Clearly this isn’t an extensive and all-inclusive list. If in doubt, do some research and talk to your third-party vendors. If you’re not already prepared, it’s a good time to be preparing for life after SMBv1, and to take action to retire it from your network.
How you can find out if SMBv1 is still in use
As you might expect, it’s not necessarily obvious that SMBv1 is still in use on a network. There are monitoring and packet inspection tools available that can be used to detect it. For the slightly less geeky, there are facilities built into Windows 10 and Windows Server 2016, and available from the June 2017 rollup for Windows 8.1 and Windows Server 2012 R2, that when enabled will log usage to the SMBServer\Audit event log on the enabled system.
This PowerShell command will configure the SMB Server subcomponent to log events:
Set-SmbServerConfiguration –AuditSmb1Access $true
Back to the Future
Much like the license (registration) plate on the DeLorean in Back to the Future, it seems that with the latest iteration of Windows 10, SMBv1 is ‘OUTATIME’.
As I mentioned at the very beginning, SMBv1 will not be installed on most deployments of Windows 10 v1709. The following table illustrates where it will, and won’t, be installed by default:
- Remember that in this table a cross () is a good thing; it means SMBv1 won’t be installed.
- The red ticks () against upgraded Education and Enterprise editions mean that the SMBv1 Client and Server components will still be present after a Feature update to v1709, and that the administrator will need to take action to remove them, if desired.
- The green ticks () mean that if the relevant subcomponent (Client or Server) is not used for 15 days, excluding any time the computer is switched off, it will automatically uninstall itself.
For Community Connect, our intention is to introduce support for Feature updates with the v1709 release. That means we’ll be establishing a preferred approach for how we handle SMBv1 components installed when v1607 was deployed. The Dev team are looking into this as part of the v1709 introduction project.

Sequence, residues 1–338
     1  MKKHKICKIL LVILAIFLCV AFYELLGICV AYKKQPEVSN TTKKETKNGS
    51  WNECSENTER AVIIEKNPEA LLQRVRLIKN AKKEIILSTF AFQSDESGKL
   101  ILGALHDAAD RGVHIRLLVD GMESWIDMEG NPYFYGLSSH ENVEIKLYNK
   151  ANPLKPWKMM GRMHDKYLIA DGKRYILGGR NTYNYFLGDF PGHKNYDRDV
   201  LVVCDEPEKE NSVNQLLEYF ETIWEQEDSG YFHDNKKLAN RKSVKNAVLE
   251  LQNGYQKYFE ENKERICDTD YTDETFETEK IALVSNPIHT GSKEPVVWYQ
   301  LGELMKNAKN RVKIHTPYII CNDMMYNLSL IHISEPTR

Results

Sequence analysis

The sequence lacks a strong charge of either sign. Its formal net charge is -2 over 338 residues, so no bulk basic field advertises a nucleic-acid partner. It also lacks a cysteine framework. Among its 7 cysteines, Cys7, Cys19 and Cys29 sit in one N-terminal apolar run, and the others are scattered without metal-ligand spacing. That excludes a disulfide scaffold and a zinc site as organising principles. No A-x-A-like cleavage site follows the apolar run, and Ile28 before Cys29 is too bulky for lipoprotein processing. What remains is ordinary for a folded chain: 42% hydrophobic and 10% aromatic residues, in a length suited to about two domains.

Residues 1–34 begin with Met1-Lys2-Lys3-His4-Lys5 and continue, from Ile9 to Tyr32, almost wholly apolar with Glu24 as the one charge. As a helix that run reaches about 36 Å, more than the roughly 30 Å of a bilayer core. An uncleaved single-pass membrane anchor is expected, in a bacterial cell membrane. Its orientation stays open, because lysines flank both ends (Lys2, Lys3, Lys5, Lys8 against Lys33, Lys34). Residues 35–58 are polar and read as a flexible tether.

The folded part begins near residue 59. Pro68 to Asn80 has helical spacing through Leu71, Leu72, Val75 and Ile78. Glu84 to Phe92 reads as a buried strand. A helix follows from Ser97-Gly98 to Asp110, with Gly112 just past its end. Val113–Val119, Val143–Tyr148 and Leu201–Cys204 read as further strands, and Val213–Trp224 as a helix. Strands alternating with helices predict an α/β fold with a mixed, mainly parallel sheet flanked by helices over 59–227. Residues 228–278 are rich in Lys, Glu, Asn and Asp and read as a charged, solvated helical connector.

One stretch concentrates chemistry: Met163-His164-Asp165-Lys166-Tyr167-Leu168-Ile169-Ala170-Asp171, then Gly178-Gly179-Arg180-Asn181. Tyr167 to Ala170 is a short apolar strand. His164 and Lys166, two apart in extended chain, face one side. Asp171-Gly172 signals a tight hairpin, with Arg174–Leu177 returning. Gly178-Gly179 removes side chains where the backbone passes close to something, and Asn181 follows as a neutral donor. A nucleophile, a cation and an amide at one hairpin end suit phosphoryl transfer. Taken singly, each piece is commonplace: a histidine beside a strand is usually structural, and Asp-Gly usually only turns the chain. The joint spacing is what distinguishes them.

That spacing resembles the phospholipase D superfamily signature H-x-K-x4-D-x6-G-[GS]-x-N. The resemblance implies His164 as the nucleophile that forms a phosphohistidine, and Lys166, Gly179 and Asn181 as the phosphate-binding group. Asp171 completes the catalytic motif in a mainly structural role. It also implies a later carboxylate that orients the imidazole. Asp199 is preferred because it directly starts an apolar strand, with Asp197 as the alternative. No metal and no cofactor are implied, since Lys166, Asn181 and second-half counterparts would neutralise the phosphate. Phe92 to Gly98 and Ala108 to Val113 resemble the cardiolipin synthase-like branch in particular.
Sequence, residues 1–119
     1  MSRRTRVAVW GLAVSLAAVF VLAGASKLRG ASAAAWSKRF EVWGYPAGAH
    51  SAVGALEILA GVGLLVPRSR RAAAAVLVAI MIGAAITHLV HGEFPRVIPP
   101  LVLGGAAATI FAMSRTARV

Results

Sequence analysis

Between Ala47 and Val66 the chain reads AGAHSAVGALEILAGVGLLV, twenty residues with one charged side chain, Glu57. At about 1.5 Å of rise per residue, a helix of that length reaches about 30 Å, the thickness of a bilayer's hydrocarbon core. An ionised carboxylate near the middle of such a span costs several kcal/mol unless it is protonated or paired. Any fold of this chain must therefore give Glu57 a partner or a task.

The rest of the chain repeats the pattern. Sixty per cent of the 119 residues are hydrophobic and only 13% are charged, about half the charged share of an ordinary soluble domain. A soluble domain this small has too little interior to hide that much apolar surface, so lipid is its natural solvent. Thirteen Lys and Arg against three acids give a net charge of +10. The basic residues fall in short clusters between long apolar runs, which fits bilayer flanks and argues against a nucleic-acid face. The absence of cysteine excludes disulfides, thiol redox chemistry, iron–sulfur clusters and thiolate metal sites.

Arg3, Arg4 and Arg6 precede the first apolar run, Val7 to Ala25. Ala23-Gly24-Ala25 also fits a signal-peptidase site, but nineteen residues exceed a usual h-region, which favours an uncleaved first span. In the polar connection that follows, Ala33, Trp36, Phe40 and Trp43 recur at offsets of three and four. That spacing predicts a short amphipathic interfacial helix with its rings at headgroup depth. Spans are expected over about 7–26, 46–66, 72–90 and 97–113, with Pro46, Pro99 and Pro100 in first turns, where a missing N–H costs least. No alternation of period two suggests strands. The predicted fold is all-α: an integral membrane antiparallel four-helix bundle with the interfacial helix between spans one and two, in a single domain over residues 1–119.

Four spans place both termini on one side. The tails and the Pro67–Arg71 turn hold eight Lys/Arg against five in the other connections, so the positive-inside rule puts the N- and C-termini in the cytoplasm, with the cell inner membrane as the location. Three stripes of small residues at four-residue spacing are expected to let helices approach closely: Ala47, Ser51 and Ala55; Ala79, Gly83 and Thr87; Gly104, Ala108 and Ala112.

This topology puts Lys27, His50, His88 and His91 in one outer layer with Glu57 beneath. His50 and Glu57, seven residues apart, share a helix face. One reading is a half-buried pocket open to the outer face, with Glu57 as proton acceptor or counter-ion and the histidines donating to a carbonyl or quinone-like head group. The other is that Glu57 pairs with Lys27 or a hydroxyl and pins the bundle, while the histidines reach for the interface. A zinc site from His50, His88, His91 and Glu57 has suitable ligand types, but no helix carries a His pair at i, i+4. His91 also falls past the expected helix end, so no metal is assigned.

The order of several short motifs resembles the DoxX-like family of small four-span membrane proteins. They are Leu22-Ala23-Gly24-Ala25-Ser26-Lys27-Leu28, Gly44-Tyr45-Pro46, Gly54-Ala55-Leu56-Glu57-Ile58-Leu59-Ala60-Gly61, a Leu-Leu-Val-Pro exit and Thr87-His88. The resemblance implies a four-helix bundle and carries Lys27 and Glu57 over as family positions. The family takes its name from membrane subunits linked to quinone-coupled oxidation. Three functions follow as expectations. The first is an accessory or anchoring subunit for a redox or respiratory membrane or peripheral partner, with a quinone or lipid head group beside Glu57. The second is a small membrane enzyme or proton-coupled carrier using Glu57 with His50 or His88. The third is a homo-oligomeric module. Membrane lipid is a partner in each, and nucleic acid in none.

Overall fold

SMBv1 is venerable and vulnerable, and in a modern network should not be required any more. It’s a good thing that new installations of the latest release of Windows 10 won’t install it.
With the introduction of v1709 clients, those clients will not be able to communicate with other network components, or servers, dependent on SMBv1. It’s a good time to take action to retire any remaining dependencies on it.
- SMBv1 was deprecated in 2014. In a lot of cases it shouldn’t be needed any more.
- Identify any dependencies on SMBv1, plan and take action to remove them, and then SMBv1 itself.
- If there’s a need to retain SMBv1 support for now, limit it to the devices that need it and ensure that patching on those devices is kept up to date.
- Starting with Windows 10 v1709, SMBv1 will not be installed by default in the Education edition.
- Devices running Windows 10 Education edition that were Feature-upgraded to v1709 will still have SMBv1 Client and Server installed, unless explicit action has been taken to remove them.
It is shameful that Windows 10 has any traces of SMBv1. Microsoft should have killed SMBv1 15 years ago.